Wow. Google is nothing if not persistent. And at this point, the company is testing that whole "persistency pays off" adage like it's a nuclear waste site.
Wednesday, everybody's favorite oddly named Internet search engine emerged from the wake of Google TV to introduce ... wait for it ... Chromecast, a tiny stick that can plug into televisions. In short, it looks like a jump drive and it enables viewers to check out online programming through their TVs. Who says the 89th time isn't a charm?
“We are closing the gap between TV and mobile devices,” Sundar Pichai, the G-Men's senior vice president for Chrome and Android, noted with presumably only half a straight face.
Claire Cain Miller, of The New York Times, wrote a bit about it earlier this week, with presumably only a quarter of a straight face.
"Chromecast, unlike other gadgets that play online media on TVs, works with laptops, tablets and phones from companies other than Google, so iPhone loyalists, or people with both Android and Apple devices, can use it," she said. "Chromecast, though, could pave the way for Google’s grander TV plans. It is negotiating with TV channels for an Internet cable service, in which people would be able to access cable channels in a Web browser, according to people briefed on the talks. So Chromecast may be the first step in what Google hopes will be a cable alternative."
Ahh, yes. Those silver linings can be so blinding sometimes.
As you can see if you look at the thing (or, for that matter, as I alluded to above when I said it looks like a jump drive), you'll need a USB port on your television in order to use it. And while it's probably safe to assume that the majority of people with TVs now have one with that particular feature, this would also be the time that we now note how not all smartphones come with data plans and not all cake-flavored Blizzards come with actual pieces of cake in the ice cream (thanks, Dairy Queen). The point is this: You're alienating a section of your audience, Google, by assuming nobody still has a big box sitting somewhere in their living rooms. Ignorance is bliss, friends. Ignorance is bliss.
Now, for the true humor. In a sign of abnormally poor planning, the company decided to offer up a free three-month trial of Netflix to anyone who wanted to check out the product. Not a bad idea, right? Entice customers with the ability to finally see what all the "Orange Is The New Black" fuss is about and watch as your otherwise-ignored product flies off shelves. What could possibly go wrong for Big Red, the one company actually finding ways to succeed in the increasingly crowded world of streaming content? Oh, let's look at you, Salvador Rodriguez, of the Los Angeles Times.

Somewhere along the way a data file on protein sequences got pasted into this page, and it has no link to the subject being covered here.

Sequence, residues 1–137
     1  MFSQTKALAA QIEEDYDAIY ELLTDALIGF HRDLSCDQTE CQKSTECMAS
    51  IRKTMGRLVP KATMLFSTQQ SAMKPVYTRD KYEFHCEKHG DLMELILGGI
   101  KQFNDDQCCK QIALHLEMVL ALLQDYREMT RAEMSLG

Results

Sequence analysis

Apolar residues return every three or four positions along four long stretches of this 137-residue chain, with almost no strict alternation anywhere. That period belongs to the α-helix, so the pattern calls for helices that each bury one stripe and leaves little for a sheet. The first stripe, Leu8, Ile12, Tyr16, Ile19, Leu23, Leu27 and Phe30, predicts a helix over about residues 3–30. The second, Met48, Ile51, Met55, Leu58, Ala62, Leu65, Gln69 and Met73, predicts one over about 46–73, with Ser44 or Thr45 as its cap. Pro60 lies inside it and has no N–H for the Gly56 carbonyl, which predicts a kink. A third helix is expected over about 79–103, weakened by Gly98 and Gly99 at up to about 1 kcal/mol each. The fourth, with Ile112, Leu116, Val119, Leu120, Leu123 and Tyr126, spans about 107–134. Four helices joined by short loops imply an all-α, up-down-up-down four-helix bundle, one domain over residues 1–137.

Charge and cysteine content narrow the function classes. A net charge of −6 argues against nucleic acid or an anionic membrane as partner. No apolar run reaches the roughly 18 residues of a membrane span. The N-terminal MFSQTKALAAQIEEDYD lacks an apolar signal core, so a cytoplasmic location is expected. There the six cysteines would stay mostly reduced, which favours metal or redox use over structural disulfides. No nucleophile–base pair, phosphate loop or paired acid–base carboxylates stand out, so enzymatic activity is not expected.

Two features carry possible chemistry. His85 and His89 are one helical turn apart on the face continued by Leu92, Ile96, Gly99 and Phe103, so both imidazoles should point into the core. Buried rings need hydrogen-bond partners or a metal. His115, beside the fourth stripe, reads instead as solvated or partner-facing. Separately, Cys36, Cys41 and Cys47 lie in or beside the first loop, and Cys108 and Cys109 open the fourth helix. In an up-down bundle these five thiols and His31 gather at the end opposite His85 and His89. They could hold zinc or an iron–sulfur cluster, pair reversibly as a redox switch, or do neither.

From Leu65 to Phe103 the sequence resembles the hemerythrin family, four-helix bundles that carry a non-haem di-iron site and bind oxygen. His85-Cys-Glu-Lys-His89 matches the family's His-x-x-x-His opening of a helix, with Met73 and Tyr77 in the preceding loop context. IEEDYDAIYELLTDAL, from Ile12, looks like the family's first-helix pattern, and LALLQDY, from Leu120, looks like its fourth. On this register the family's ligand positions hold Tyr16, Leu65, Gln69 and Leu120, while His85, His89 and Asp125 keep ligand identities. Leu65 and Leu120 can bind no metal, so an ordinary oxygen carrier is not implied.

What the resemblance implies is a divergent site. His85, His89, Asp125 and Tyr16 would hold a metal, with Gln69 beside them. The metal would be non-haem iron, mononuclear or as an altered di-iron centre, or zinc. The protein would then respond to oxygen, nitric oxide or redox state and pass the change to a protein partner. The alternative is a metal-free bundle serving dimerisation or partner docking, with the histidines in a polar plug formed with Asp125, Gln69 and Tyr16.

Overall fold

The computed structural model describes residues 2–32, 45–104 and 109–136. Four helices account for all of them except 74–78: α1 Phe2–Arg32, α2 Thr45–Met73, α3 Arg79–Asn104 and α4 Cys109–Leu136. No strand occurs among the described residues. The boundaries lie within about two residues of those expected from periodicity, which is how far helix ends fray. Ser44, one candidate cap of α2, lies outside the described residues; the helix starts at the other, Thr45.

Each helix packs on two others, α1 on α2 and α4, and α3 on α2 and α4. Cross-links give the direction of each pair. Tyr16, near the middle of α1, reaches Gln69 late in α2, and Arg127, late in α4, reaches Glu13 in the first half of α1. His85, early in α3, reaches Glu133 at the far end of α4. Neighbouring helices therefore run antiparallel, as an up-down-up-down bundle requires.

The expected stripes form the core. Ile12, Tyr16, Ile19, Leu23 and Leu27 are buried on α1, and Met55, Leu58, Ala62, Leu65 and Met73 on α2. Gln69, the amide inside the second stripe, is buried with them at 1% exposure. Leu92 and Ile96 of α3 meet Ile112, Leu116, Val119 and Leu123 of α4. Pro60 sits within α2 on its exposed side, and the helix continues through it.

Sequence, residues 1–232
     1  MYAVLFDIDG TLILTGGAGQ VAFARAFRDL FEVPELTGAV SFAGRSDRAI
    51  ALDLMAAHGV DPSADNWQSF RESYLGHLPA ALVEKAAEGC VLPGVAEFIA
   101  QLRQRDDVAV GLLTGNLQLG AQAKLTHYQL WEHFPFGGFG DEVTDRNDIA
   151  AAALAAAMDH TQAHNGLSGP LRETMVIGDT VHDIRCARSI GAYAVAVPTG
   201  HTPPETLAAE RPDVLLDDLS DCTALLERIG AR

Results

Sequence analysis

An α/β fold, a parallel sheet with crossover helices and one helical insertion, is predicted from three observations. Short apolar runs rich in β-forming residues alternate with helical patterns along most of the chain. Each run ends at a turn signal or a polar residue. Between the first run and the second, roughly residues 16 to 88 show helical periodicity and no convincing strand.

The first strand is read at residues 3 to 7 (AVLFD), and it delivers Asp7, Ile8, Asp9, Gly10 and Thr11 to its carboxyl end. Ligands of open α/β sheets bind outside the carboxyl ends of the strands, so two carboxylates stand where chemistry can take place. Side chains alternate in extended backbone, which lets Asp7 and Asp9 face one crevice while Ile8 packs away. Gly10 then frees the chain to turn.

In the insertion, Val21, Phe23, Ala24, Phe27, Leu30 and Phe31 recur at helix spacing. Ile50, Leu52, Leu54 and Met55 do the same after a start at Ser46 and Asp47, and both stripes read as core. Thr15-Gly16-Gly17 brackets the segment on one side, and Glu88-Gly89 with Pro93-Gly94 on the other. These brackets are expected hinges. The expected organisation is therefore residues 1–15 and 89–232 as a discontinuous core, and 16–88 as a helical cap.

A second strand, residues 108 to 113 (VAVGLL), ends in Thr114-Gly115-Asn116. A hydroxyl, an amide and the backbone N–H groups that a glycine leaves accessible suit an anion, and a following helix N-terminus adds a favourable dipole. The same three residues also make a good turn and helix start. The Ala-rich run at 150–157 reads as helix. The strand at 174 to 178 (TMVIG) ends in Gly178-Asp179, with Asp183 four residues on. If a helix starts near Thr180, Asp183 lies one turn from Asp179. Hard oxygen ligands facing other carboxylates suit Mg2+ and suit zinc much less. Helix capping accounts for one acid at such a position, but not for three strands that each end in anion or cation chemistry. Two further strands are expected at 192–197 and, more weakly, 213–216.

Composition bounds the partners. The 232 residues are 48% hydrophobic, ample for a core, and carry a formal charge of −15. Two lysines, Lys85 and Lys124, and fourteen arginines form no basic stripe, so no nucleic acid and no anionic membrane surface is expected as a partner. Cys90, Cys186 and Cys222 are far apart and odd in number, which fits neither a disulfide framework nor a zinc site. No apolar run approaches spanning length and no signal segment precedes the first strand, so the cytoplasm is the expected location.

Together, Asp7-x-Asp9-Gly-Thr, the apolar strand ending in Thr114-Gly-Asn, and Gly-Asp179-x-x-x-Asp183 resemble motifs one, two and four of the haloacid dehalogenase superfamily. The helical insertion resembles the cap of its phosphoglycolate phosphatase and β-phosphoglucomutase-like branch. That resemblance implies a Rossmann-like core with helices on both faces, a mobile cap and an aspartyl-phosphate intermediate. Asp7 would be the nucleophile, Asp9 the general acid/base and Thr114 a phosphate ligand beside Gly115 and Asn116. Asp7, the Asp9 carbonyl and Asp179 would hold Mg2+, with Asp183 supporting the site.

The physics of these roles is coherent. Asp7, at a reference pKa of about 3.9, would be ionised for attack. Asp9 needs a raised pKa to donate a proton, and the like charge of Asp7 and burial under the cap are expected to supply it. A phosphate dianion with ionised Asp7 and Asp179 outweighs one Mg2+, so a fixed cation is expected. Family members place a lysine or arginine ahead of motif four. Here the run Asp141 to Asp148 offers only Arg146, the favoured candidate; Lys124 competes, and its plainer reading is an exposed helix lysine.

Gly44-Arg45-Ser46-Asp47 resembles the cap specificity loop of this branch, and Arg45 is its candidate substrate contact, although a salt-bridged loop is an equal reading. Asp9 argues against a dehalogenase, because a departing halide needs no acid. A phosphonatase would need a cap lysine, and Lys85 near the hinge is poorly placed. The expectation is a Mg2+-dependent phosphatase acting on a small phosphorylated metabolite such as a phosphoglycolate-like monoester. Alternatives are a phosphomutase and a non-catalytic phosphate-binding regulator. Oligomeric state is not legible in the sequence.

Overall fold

"Citing overwhelming demand, Google on Thursday said it has ended a Netflix promotion tied to its new Chromecast TV dongle," he wrote a single day after the launch went down. "'Due to overwhelming demand for Chromecast devices since launch, the 3-month Netflix promotion (which was available in limited quantities) is no longer available,' Google told The Times in a statement."
The good news? As NBC News reported this morning, somebody went on Twitter to explain that nearly a quarter of a million promo codes were created for the launch. So, 250,000 people, congratulations on your three free months of Netflix! Now, click off that "Everybody Loves Raymond" marathon, and enroll of the School of Robin Wright by spending the weekend cuddled up with "House Of Cards." Drake said it: Thank me later.
What does it all mean? Well, if nothing else, it means that a whole bunch of people will actually be able to see what Google can offer in the Wide World Of Web TV. Google needs that, of course (how do you do, Nexus Q?), especially if it continues to stubbornly refuse to go away. Naturally, the jury will be out on if this tiny surge in attention might just be sustainable, but for now, we shall tip a small portion of a hat to the G-Men -- any press is good press, even if it means you ultimately end up looking foolish for offering up some freebees you are forced to pseudo-recall 24 hours after the fact.
For those wondering, the going price for Chromecast is about 35 bucks, a bargain when compared with the $99 Apple TV or the $80 Roku (which, it also should be noted, offers a similar stick to Chromecast for about a hundred dollars). "Chromecast looks like a smart and disruptive device," research analyst Rotman Epps told the Associated Press this week. "Maybe it took the other failures for Google to get it right."
Fool me once ...